Defects and doping in metal-organic frameworks
Metal-organic frameworks (MOFs) are a class of solid-state porous materials composed of inorganic clusters spatially separated by organic ligands.
The combination of compositional and topological diversity enables unprecedented access to physical properties only arising from the unique MOF composition-function relationship.
As a result these hybrid materials have garnered increased interest over the past two decades due to their potential applications in gas storage and separation, catalysis, sensors, and as battery materials.
Like most semiconductors, the bulk material derives its properties from defects. These defects come in many forms ranging from local redox events to long range diminished crystallographic order.
Essentially every member of the group is working to better understand the emergence and properties of defects in MOFs.
Electron energies and their applications in energy storage and catalysis
The ionization potential/workfunction and electron affinity are two instructive materials properties that essentially determine all chemical reactivity.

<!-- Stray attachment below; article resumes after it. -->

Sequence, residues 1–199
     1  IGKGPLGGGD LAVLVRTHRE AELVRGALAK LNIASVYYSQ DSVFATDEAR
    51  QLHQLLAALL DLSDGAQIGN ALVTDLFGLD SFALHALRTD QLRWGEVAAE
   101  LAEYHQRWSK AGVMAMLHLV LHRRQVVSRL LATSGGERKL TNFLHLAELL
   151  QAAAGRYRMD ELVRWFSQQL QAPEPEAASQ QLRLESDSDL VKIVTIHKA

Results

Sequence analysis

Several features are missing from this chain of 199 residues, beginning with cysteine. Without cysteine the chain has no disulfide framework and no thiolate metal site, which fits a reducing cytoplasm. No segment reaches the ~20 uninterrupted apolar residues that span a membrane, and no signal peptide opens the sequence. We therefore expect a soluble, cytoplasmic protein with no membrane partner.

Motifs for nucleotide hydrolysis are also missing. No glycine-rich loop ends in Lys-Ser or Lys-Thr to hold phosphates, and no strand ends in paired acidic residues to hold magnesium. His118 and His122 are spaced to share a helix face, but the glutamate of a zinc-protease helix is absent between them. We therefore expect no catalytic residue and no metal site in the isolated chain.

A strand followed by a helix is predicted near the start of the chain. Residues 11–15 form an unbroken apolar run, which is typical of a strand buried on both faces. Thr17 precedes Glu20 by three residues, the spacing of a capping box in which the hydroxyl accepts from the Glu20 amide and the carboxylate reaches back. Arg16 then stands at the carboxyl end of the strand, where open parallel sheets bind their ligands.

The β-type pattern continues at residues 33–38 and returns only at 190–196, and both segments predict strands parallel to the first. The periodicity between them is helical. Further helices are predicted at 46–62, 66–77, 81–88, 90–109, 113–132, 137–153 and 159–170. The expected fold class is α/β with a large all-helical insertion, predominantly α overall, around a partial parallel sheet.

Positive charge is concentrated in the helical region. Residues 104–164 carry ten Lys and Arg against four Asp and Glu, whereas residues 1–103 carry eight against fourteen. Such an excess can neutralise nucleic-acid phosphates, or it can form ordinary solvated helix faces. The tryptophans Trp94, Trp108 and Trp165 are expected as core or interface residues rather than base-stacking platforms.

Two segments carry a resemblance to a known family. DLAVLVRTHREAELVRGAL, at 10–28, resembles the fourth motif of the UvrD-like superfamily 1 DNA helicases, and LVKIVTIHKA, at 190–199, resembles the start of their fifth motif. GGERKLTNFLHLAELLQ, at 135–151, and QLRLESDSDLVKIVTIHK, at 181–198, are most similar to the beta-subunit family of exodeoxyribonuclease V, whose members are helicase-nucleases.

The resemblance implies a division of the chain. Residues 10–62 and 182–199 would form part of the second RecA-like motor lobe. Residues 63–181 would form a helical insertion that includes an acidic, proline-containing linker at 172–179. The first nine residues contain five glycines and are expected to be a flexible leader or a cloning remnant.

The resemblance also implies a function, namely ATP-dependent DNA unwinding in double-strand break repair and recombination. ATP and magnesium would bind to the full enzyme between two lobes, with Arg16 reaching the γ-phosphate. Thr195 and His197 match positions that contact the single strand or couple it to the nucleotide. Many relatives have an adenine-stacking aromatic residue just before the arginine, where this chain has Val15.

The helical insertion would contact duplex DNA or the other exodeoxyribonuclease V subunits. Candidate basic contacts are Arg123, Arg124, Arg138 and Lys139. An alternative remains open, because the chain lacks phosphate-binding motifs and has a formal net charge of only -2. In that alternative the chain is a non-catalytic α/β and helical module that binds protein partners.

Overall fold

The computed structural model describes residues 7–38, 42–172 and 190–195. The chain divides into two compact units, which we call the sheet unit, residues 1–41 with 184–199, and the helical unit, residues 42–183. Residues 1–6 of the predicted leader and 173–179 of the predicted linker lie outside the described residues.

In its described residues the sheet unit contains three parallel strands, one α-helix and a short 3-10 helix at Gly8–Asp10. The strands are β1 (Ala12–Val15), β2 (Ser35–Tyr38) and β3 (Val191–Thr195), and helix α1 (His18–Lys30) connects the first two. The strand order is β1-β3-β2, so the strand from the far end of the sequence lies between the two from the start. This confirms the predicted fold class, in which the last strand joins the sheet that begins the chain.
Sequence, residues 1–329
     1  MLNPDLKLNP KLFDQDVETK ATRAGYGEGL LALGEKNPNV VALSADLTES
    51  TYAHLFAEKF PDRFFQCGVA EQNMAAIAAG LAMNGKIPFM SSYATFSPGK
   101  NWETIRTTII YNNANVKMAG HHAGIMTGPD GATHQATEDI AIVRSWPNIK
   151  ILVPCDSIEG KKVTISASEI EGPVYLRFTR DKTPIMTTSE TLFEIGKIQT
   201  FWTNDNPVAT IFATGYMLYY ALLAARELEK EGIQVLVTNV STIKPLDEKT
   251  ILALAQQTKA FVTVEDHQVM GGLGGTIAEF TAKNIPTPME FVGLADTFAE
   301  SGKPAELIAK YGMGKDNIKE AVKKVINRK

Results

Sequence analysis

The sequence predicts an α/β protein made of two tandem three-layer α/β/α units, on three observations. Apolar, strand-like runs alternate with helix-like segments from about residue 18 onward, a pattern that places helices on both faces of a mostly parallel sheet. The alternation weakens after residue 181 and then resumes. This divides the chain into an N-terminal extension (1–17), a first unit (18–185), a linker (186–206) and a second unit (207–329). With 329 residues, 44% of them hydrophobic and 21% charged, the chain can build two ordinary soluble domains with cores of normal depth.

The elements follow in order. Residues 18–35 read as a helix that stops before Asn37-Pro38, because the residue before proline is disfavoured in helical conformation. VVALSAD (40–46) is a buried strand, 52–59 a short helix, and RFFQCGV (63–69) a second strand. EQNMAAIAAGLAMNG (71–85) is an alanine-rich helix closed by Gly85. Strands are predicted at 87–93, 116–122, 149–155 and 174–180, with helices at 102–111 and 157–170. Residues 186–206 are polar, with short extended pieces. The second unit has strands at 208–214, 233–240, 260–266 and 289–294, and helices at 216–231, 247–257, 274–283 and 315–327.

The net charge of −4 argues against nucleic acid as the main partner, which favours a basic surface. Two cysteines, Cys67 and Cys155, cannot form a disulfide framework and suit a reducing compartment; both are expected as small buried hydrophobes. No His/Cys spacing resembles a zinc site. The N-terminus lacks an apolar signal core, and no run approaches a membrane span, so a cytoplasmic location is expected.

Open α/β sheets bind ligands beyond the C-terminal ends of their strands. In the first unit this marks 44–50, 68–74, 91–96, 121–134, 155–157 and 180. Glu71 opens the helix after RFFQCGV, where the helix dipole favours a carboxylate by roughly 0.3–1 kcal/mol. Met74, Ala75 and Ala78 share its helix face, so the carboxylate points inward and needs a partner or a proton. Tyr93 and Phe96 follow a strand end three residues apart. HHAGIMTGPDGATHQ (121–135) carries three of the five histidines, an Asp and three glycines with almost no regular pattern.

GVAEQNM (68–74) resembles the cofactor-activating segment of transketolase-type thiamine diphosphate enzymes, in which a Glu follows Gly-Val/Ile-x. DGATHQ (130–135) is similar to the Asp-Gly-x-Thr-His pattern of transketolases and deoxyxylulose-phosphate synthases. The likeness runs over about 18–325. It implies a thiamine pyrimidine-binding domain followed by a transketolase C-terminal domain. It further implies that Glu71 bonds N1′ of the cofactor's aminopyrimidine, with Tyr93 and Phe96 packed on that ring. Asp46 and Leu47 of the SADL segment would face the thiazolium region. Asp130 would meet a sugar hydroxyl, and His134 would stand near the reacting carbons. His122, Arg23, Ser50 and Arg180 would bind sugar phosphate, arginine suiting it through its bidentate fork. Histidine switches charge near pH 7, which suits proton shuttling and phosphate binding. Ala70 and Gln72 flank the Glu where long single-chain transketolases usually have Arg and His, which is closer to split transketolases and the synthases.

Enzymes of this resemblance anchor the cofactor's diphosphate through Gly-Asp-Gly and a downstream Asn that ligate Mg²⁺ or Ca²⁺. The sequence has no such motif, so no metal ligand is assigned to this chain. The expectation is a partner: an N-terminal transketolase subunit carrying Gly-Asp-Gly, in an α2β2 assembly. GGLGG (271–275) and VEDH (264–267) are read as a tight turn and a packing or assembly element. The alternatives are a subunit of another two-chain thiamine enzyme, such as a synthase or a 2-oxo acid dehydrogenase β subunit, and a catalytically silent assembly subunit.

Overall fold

Predictions of reactivity can be made with knowledge of the alignment of valence/occupied and conduction/unoccupied orbitals. These values are readily obtained from quantum chemical simulations.
Three general types of band alignments are possible; Type I where one material's bands sit mid gap relative to a neighbouring material, Type II where charge transfer from one material to another is enabled by the input of some form of energy, and Type III where a material will spontaneously reduce another.
Regressions and machine learning
Computers are extremely good at finding dependencies and relationships in data. In order to to so, we usually first teach the computer some simple concepts, and then expose it to uncharted territory to begin to make predictions.
Despite these techniques existing for 50 years, the application of these techniques chemistry is only fairly recent.
Using a mixture of off-the-shelf and proprietary machine learning models we are able to predict chemical properties of small molecules, MOFs, and even bridge the difficult gap between human perception of a property and the underlaying chemistry that gave rise to our perception of that property.